jetc.dev Newsletter Issue #131
This week, we look at bottom sheets and the “first composition” fallacy. We look at Glance support, sneak a peek at snapshots, and explore the measurement and drawing phases of compositions. We examine a pair of “speed dial” FAB implementations, plus we revisit some redwood.
One Off the Stack, One Off the Slack
You’ve got questions. That’s understandable!
To close a
ModalBottomSheetLayout(), we need to call
hide() on its associated
state object. That is a
suspend fun, so we need to remember a
to pull that off. See how we can apply this to a close button in the sheet itself
in this week’s highlighted Stack Overflow question.
Posts, videos, and other new information related to Jetpack Compose!
Google’s Marcel Pintó takes a look at Google’s new
AppWidgetHost() composable to render your Glance-based
within your app, a
GlancePreviewActivity to let you
@Preview your Glance-based
app widgets, and more!
Amanda Hinchman-Dominguez and Google’s Jossi Wolf delivered a presentation on low-level Compose concepts, including snapshots, how the Compose Compiler works, what the results of the Compiler’s code-generation looks like, and more!
Google’s Zach Klippenstein also delivered a presentation about Compose snapshots, designed
to follow the preceding talk by Amanda and Jossi. As Zach puts it, “snapshots are Git
for your variables”, helping multiple threads work with consistent representations of
data without locking read access while writes are ongoing. Zach ties snapshots
into our Compose
MutableState objects and how they interact, as well as how you
can use listeners to find out about
Jorge Castillo returns, looking into the measuring and drawing phases of Compose UI.
Jorge discusses the roles of
LayoutNodeWrapper, what purpose
graphicsLayer() modifier serves, where “draw modifiers” come into play, and more!
Other Interesting Posts
- Dual-screen example adds Jetpack Compose to the experience
- Medium: Compose Pager
- Simple Google Map App - Jetpack Compose
- Custom Progress Bar with Jetpack Compose Canvas API: Tutorial
- Learning Kotlin Multiplatfom Mobile: Entry 3.5
- How to Master In Jetpack Compose? Here Are 10 Ways
- Medium: An iOS Engineer learns about Android’s Jetpack Compose and loves it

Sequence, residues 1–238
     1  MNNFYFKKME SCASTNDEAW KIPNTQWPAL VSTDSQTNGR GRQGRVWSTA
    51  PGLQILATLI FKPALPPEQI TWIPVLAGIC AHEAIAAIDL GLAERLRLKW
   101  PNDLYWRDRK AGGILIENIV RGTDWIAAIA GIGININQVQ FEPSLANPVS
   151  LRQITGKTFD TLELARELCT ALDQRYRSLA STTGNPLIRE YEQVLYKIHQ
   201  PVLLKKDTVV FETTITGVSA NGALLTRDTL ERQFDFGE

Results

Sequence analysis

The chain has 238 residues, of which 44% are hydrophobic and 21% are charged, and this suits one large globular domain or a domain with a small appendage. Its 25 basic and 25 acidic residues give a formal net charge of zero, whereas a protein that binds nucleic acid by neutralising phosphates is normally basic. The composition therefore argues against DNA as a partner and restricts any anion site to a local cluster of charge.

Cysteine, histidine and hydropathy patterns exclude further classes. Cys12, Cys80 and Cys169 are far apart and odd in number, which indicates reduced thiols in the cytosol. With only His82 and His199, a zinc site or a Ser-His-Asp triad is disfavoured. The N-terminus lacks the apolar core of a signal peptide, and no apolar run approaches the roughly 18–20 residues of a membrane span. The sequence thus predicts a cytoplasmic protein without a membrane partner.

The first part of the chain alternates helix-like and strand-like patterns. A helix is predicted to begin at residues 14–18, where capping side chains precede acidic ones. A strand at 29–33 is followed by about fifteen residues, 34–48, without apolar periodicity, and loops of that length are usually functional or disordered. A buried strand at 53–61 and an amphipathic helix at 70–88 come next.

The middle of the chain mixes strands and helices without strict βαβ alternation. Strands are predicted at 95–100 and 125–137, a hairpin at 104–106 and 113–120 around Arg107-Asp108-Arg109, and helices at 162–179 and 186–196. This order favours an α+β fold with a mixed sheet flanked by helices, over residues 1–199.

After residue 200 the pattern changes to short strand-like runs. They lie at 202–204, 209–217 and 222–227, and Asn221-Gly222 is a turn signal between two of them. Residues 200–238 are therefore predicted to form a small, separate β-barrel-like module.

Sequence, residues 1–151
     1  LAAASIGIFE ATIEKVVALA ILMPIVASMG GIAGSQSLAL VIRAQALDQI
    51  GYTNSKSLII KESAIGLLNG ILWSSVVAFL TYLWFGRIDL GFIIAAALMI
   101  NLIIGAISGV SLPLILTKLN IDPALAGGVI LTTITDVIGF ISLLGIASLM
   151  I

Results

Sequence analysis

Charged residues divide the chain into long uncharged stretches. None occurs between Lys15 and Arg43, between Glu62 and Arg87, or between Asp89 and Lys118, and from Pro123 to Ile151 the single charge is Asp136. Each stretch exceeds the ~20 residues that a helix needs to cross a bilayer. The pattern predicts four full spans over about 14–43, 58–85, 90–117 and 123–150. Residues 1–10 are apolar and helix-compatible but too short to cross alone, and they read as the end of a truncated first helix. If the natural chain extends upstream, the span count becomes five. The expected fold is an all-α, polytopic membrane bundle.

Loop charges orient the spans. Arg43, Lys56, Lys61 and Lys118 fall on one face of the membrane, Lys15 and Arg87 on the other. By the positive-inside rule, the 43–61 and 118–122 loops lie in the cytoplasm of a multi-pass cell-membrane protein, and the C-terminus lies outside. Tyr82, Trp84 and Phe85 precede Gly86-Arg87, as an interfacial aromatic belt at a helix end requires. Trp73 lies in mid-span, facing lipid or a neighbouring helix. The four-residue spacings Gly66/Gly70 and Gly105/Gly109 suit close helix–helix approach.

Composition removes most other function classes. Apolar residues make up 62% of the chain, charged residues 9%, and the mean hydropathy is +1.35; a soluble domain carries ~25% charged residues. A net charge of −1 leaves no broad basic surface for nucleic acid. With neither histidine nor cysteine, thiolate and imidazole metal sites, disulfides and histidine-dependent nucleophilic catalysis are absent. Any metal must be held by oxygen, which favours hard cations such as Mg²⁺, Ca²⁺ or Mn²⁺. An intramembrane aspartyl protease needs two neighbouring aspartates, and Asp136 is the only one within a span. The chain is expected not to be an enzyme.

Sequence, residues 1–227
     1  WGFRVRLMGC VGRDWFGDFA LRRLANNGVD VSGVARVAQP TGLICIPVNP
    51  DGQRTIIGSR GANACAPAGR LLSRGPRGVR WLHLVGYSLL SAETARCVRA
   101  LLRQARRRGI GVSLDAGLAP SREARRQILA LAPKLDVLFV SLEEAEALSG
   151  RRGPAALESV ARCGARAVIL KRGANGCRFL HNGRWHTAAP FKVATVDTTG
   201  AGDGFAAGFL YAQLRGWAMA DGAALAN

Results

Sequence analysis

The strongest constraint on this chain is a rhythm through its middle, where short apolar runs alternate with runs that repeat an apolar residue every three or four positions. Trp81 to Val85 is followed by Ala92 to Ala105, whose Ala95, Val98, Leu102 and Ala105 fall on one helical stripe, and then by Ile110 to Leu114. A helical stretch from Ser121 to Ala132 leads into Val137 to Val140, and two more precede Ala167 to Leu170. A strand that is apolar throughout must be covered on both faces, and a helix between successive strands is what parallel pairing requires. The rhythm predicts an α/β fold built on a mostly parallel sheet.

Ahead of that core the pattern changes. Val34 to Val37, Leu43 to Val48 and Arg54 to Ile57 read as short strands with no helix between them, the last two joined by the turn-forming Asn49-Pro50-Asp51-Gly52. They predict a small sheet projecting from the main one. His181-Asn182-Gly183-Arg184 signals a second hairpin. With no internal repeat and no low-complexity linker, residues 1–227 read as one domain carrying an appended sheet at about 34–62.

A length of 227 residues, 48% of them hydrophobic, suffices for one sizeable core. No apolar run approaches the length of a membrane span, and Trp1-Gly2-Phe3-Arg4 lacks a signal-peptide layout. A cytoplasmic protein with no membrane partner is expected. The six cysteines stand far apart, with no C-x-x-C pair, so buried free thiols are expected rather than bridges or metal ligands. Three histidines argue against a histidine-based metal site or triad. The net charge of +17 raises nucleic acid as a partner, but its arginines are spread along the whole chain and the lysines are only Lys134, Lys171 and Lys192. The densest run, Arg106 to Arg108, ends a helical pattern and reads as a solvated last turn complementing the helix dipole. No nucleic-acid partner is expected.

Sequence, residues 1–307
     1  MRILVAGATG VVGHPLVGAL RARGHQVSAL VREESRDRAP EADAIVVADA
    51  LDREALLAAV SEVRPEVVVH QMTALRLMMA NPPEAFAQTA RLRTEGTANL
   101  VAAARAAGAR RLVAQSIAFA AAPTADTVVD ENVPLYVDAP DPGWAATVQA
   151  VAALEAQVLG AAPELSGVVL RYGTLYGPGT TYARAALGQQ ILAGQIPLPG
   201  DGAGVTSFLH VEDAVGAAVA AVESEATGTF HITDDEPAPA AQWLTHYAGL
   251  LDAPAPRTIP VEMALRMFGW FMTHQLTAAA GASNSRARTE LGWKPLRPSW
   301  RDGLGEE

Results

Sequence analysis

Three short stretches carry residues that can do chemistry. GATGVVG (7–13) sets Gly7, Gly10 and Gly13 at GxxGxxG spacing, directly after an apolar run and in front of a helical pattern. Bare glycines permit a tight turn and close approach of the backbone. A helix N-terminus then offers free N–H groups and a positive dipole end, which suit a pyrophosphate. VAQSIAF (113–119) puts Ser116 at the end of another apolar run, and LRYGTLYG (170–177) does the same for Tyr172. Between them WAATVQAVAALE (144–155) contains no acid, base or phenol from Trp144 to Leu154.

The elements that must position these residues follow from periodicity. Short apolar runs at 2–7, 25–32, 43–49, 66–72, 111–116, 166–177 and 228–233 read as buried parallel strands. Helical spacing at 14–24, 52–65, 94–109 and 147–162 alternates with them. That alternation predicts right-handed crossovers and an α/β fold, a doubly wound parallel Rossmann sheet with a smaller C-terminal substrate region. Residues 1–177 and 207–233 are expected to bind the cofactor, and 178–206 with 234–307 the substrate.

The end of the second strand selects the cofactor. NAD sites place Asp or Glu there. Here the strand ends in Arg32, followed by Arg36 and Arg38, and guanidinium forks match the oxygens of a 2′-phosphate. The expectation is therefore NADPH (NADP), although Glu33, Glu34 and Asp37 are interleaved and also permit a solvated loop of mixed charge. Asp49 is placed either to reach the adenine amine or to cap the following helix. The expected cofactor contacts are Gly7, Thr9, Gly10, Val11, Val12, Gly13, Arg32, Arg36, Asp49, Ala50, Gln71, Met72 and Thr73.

- Medium: Modern Android for iOS folks: Swift-Kotlin & SwiftUI-Compose
- Jetpack Compose: Basic components
100% pure code!
A few months ago, I wrote about a forthcoming library from CashApp called “Redwood”. That library is now publicly available, though it is “not ready for use by anyone”. The gist is that Redwood lets you create UIs through composables, but it is not opinionated as to how those UIs get rendered. That aspect is up to the project and is considered to be part of your overall design system. Redwood simply helps you update your design system UI elements — “composable functions render application state into the design system”.
Roberto Leinardi created a version of the “speed dial” style of FAB, both using
View system and as a composable.
SpeedDial() represents the FAB
FabWithLabel() composables represent the secondary buttons.
Alexander Karkossa also implemented a Material3 version of the “speed dial”
style of FAB, with
BottomAppBarSpeedDialFloatinActionButton() for the main FAB
FloatingActionButtonItem() composables for the individual secondary buttons.
Other Interesting Links
…And One More Thing
Five weeks ago, I wrote in this space about how Compose 1.2.0 coming out a year after 1.0.0 was a nice update pace.
Last week, Google released the first beta for Compose 1.3.0, less than three months after the corresponding beta release for Compose 1.2.0.
The closer you are to being a platform, the more important predictability becomes in release cycles. Updating to a new version of a platform tends to be more involved and take more effort than is updating to a new version of other libraries. Third parties that depend on the platform also need to update, adding to the overall complexity.
That’s why nobody bats an eye about release cycles for OkHttp, despite that library being all but essential to modern Android app development. Yet, Google’s release of Android 12L broke established release cycle patterns and caused a lot more concern. Android is a platform, OkHttp is not. Compose, especially Compose UI, is far closer to being a platform than is OkHttp.
I am not saying that the 1.0.0 -> 1.2.0 timeframe was right, or that the 1.2.0 -> 1.3.0 timeframe is wrong. I am saying that the apparent lack of release cycle predictability may add friction to Compose UI usage.
- 2022-09-13: Compose updates! Tracking down and fixing recompositions! Maestro! Redwood! Molecule! And Twitter's rules for composables!
- 2022-09-06: Snapshots! A Glance support library! Measuring and drawing! Swipe-to-dismiss! Speed dials! And... a redwood sighting?!?
- 2022-08-30: Android 13 per-app language support! Performance optimizations! Expandable lists! MVI! Zooming! Steppers! And... another Compose beta? Already?!?